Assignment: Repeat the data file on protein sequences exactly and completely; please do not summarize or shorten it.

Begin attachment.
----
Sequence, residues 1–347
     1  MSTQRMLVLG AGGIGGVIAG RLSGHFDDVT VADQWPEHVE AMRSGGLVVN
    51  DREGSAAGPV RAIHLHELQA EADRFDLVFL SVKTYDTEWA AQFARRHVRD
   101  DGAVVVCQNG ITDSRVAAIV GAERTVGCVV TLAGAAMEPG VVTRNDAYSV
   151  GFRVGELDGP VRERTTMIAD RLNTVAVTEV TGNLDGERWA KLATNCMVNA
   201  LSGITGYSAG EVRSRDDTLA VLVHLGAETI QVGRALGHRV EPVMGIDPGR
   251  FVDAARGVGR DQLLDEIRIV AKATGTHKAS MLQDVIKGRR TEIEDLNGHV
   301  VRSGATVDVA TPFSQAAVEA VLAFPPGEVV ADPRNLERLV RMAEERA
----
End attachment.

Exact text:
Sequence, residues 1–347
     1  MSTQRMLVLG AGGIGGVIAG RLSGHFDDVT VADQWPEHVE AMRSGGLVVN
    51  DREGSAAGPV RAIHLHELQA EADRFDLVFL SVKTYDTEWA AQFARRHVRD
   101  DGAVVVCQNG ITDSRVAAIV GAERTVGCVV TLAGAAMEPG VVTRNDAYSV
   151  GFRVGELDGP VRERTTMIAD RLNTVAVTEV TGNLDGERWA KLATNCMVNA
   201  LSGITGYSAG EVRSRDDTLA VLVHLGAETI QVGRALGHRV EPVMGIDPGR
   251  FVDAARGVGR DQLLDEIRIV AKATGTHKAS MLQDVIKGRR TEIEDLNGHV
   301  VRSGATVDVA TPFSQAAVEA VLAFPPGEVV ADPRNLERLV RMAEERA